Starring: Ryan Gosling, Kristin Scott Thomas, Vithaya Pansringarm
Directed by: Nicolas Winding Refn (“Drive”)
Written by: Nicolas Winding Refn (“Bronson”)

As much respect as a Danish filmmaker like Nicolas Winding Refn should earn for having the ambition to create something as polarizing and unique as the violent 2008 biopic “Bronson” with an unrecognizable Tom Hardy, and the 2011 art-house action film “Drive” with an always-smirking Ryan Gosling, there’s no reason any of his outings should ever be as purposeless and self-gratifying as “Only God Forgives.” Refn has made a movie for himself – a bizarre exercise in light, beautiful style and unnerving silence – and doesn’t seem to care if anyone else buys into the experience. Whether you enjoyed “Drive” on any level, “Only God Forgives” plays by its own set of absurd rules.

Reuniting with Gosling for the first time since “Drive,” Refn, who also wrote the screenplay, tells the story of Julian (Gosling), a drug dealer living in Bangkok who is coerced by his irritated mother Crystal (Kristin Scott Thomas) to search out and kill the person responsible for his brother Billy’s (Tom Burke) death. The all-too-familiar revenge set up never becomes engaging as we watch Julian, playing some kind of modern-day samurai warrior, creeping through the Bangkok underworld like he was waking up at home at 3 a.m. to get a glass of water. If a giddy, child-like Gosling annoyed you in “Drive,” here he replaces his million-dollar smile with a brooding look of resentment. That’s about all you should expect from Gosling, who spends most of his time starring into the distance, covered in an eerie red radiance or hiding in the shadows. Cinematographer Larry Smith (“Bronson”) does a fantastic job making Bangkok look like the most picturesque rat-hole possible, and composer Cliff Martinez (“Spring Breakers”) is once again on point with his electronic flair, but that’s just about as far as “Only God Forgives” can be commended.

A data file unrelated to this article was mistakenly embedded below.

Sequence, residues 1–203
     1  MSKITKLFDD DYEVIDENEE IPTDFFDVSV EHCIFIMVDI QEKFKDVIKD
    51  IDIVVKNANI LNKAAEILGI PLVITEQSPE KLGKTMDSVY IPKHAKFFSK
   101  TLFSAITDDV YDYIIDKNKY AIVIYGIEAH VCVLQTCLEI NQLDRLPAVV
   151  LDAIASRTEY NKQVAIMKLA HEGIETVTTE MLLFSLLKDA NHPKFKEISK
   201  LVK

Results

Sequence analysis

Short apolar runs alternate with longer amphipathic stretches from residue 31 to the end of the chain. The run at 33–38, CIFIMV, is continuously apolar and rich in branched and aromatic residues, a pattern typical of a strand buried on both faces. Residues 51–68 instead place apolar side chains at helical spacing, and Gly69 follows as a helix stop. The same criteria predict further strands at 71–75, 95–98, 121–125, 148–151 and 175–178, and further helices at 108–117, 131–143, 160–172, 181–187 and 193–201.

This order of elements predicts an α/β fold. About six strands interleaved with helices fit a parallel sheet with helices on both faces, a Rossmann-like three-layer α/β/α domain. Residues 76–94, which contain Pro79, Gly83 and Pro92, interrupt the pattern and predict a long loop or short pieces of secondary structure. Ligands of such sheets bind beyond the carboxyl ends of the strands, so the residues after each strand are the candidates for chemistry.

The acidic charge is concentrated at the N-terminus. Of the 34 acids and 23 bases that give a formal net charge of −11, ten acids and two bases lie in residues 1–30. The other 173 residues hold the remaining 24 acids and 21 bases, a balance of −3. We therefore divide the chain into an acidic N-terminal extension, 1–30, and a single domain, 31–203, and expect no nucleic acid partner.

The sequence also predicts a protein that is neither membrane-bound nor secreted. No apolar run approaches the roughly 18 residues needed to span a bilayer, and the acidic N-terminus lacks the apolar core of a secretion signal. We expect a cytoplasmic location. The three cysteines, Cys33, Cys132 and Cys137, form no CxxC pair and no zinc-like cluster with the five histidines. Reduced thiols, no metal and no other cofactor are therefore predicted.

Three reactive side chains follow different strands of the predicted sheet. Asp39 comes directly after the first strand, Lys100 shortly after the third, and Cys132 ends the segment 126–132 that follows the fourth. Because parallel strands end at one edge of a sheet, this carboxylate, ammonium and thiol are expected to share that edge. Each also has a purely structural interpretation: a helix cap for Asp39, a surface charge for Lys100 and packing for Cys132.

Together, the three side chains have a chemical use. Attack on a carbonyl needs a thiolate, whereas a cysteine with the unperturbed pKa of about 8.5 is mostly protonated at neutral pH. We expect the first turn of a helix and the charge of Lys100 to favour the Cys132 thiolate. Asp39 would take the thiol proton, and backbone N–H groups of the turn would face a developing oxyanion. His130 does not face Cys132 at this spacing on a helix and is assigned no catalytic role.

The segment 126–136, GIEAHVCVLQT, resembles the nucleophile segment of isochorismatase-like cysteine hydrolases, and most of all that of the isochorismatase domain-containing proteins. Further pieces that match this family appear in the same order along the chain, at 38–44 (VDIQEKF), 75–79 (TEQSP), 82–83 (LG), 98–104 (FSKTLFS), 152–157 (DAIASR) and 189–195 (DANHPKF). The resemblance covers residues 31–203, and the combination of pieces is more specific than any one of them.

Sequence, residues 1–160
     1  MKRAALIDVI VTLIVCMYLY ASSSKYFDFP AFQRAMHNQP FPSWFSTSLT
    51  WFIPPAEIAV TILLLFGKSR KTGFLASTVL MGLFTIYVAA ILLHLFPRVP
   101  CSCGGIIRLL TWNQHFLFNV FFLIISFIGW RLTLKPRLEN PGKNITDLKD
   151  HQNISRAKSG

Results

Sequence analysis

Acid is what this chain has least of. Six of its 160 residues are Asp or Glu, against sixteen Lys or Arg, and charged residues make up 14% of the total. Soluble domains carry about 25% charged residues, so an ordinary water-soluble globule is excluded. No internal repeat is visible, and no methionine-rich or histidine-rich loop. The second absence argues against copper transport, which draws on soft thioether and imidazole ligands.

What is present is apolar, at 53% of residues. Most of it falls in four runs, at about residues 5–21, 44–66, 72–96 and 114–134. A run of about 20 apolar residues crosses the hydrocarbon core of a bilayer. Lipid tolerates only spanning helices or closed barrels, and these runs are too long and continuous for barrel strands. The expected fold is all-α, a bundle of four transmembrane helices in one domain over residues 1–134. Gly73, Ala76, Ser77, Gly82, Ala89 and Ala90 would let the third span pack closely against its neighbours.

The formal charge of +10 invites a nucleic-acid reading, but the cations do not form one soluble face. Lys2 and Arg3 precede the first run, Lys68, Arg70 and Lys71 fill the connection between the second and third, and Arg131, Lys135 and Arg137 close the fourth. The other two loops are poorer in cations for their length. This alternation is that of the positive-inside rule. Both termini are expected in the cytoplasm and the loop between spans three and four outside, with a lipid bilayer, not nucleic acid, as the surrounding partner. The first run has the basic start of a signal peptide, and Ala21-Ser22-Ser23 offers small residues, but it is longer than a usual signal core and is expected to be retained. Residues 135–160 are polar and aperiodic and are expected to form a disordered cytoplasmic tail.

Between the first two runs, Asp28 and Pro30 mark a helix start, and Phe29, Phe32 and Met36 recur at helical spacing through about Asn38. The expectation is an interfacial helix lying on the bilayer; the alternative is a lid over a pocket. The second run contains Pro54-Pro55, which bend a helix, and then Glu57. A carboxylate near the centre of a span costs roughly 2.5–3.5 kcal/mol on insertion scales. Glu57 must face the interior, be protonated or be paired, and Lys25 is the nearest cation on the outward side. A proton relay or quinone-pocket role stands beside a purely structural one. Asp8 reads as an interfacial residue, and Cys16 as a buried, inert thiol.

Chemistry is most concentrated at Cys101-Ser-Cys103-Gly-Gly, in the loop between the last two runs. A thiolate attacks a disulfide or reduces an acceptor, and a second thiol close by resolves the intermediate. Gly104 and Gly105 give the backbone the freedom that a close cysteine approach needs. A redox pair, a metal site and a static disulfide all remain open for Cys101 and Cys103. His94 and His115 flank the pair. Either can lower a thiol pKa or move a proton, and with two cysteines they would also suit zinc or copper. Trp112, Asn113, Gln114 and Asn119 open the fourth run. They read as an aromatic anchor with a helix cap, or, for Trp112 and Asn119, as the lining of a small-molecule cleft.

The film is so aware of its own joylessness, it has nothing else to do but sulk in it…and then sulk some more. There not much else it can do with characters so thinly written and relationships that are emotionally nonexistent. Maybe that’s the point Refn is trying to make with a character like Julian. He is disconnected from normalcy and will only come out from the dark if he is forced. But Refn should’ve given audiences something to latch onto – a personality for Julian, perhaps, or a reason to care about his end goal. Instead, Gosling grimaces and glares. And we groan.

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